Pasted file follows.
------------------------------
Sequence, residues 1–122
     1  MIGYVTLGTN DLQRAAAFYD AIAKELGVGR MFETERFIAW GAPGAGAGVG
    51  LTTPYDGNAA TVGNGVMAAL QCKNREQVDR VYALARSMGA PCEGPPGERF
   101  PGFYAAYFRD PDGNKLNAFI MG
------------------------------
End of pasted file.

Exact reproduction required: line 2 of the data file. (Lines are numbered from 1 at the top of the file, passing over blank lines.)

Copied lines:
     1  MIGYVTLGTN DLQRAAAFYD AIAKELGVGR MFETERFIAW GAPGAGAGVG